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Monday, 2 April 2012

CJEU declares Poland's law on cheap drugs contrary to EU Law

The IPKat was perusing Twitter on his way to work, and was struck by this article from Pharma Times online.

A little digging and blogmagisterial assistance revealed the case to be C-185/10.  The English-language judgement is available here, while the CJEU press release is here.

The Polish law at issue, Article 4 of the Law on Medicinal Products, was as follows:

1. Subject to the reservation in paragraphs 3 and 4, medicinal products imported from outside Poland may be placed on the market without the need to obtain authorisation for them if their use is necessary for the purpose of saving the life or safeguarding the health of a patient, on condition that the medicinal product in question is allowed to be marketed in the country from which it was imported and holds an up-to-date marketing authorisation.
2. The basis for the importation of a medicinal product, as referred to in paragraph 1, is the requirement of the hospital or external doctor treating the patient, as confirmed by a consultant in the medical sector concerned.
3. The following medicinal products may not be placed on the market within the terms of paragraph 1:
(1) those in respect of which the minister with responsibility for health-related matters has issued a decision refusing to grant authorisation, refusing to extend the duration of validity of an authorisation, or revoking authorisation; and
(2) those containing the same active substance or substances, the same dosage and having the same form as medicinal products which have obtained authorisation, subject to the reservation in paragraph 3a.
3a. The rule in paragraph 3(2) shall not apply to medicinal products, as referred to in paragraph 1, the price of which is competitive in relation to the price of the medicinal product which has obtained authorisation within the terms of Article 3(1) or (2), on condition that the requirement has been expressed by a health insurance doctor and has been confirmed by a consultant in the medical sector concerned, and that the minister with responsibility for health-related matters has expressed, by way of a decision, his agreement to the importation of those products.
4. Medicinal products, as referred to in paragraph 1, which, having regard to the safety of their application or the scale of importation, must be granted marketing authorisation pursuant to Article 3(1), may also not be placed on the market.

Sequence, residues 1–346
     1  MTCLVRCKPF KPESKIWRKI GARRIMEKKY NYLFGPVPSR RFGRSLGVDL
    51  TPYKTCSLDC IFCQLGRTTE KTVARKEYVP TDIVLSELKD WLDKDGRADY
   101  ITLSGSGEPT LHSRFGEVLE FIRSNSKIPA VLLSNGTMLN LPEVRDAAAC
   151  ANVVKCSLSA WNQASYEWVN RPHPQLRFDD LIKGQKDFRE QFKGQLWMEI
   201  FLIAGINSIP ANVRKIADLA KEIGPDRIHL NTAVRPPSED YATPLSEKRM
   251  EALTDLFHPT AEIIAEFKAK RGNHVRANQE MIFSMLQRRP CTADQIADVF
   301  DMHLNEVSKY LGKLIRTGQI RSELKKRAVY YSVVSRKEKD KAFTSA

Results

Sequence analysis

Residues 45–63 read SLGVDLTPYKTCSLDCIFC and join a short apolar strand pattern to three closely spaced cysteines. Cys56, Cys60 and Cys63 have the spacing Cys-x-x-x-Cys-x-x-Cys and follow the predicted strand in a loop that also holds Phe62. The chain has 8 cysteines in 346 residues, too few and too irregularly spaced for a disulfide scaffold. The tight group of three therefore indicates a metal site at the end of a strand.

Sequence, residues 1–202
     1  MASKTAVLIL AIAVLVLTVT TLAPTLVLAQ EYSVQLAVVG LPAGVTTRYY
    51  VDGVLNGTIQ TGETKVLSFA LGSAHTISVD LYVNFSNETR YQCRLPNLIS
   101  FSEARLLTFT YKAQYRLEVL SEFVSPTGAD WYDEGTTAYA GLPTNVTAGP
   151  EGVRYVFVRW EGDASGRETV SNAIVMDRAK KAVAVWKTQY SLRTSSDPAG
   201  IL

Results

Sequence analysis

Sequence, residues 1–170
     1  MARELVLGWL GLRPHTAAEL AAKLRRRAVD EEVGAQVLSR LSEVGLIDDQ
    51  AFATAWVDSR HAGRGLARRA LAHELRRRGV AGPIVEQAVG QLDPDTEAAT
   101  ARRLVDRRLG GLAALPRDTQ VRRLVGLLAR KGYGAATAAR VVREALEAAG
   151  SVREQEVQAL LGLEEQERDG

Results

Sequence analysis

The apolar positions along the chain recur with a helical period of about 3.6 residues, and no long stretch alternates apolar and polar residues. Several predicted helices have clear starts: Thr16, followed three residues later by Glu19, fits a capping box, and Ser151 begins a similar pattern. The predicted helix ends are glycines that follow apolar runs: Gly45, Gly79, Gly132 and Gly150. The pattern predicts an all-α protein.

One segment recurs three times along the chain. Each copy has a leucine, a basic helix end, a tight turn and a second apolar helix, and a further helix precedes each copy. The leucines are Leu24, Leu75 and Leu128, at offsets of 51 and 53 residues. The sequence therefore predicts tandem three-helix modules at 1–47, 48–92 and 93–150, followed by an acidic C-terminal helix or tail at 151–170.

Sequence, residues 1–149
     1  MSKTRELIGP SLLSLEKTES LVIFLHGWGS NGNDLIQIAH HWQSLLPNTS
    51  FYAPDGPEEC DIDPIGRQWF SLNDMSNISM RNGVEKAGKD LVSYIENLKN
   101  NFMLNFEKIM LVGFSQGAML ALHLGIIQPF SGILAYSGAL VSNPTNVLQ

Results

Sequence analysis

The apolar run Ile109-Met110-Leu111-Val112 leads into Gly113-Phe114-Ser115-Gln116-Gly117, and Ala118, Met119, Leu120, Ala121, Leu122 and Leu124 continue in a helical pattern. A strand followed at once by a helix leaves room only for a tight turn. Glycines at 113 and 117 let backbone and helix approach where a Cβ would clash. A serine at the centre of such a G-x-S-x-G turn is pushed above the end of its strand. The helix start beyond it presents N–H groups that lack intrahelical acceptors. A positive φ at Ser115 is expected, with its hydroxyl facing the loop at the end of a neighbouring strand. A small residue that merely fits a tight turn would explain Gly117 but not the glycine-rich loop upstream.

5. Pharmacies, wholesalers and hospitals engaging in the commercial sale of medicinal products, as referred to in paragraph 1, shall maintain a register of those products.
6. On the basis of that register, a pharmaceutical wholesaler shall forward to the minister with responsibility for health-related matters, no later than 10 days after the end of each quarter, a summary list of imported medicinal products.

The Commission took issue with para 3a, permitting medicinal products to be sold without authorisation in Poland, provided "the price ... is competitive" with the authorised product.

This provision was considered by the Commission to contravene Art 6(1) of the Directive 2001/83/EC of the European Parliament and of the Council of 6 November 2001 on the Community code relating to medicinal products for human use, which states:
No medicinal product may be placed on the market of a Member State unless a marketing authorisation has been issued by the competent authorities of that Member State in accordance with this Directive or an authorisation has been granted in accordance with Regulation (EC) No 726/2004 [the Regulation concerning grant of EU authorisations] 
Poland argued that their law fell within the exception of Art 5 of the Directive (the "special needs" exception), which states:
A Member State may, in accordance with legislation in force and to fulfil special needs, exclude from the provisions of this Directive medicinal products supplied in response to a bona fide unsolicited order, formulated in accordance with the specifications of an authorised health-care professional and for use by an individual patient under his direct personal responsibility.
The CJEU was having none of it, and completely backed the Commission's view.  In particular it held:
Where medicinal products having the same active substances, the same dosage and the same form as those which the doctor providing treatment considers that he must prescribe to treat his patients are already authorised and available on the national market, there cannot in fact be a question of ‘special needs’, within the meaning of Article 5(1) of Directive 2001/83, necessitating a derogation from the requirement for a marketing authorisation under Article 6(1) of that directive. 
Financial considerations cannot, in themselves, lead to recognition of the existence of such special needs capable of justifying the application of the derogation provided for in Article 5(1) of that directive.
The CJEU therefore held Article 4 of the Polish law to contravene the Directive 2001/83/EC.

The IPKat is thinking...
It seems to the IPKat that the offending para 3a of Article 4 was an attempt by Poland at a law allowing generic pharmaceuticals without the need for the abbreviated authorisation procedure that exists for such generics.  The Commission and the CJEU perhaps unsurprisingly wanted the EU order to prevail.  However, the EU system requires the generic provider to seek the authorisation, and so does not assist where no generic provider has sought authorisation.  How should the law address such situations?






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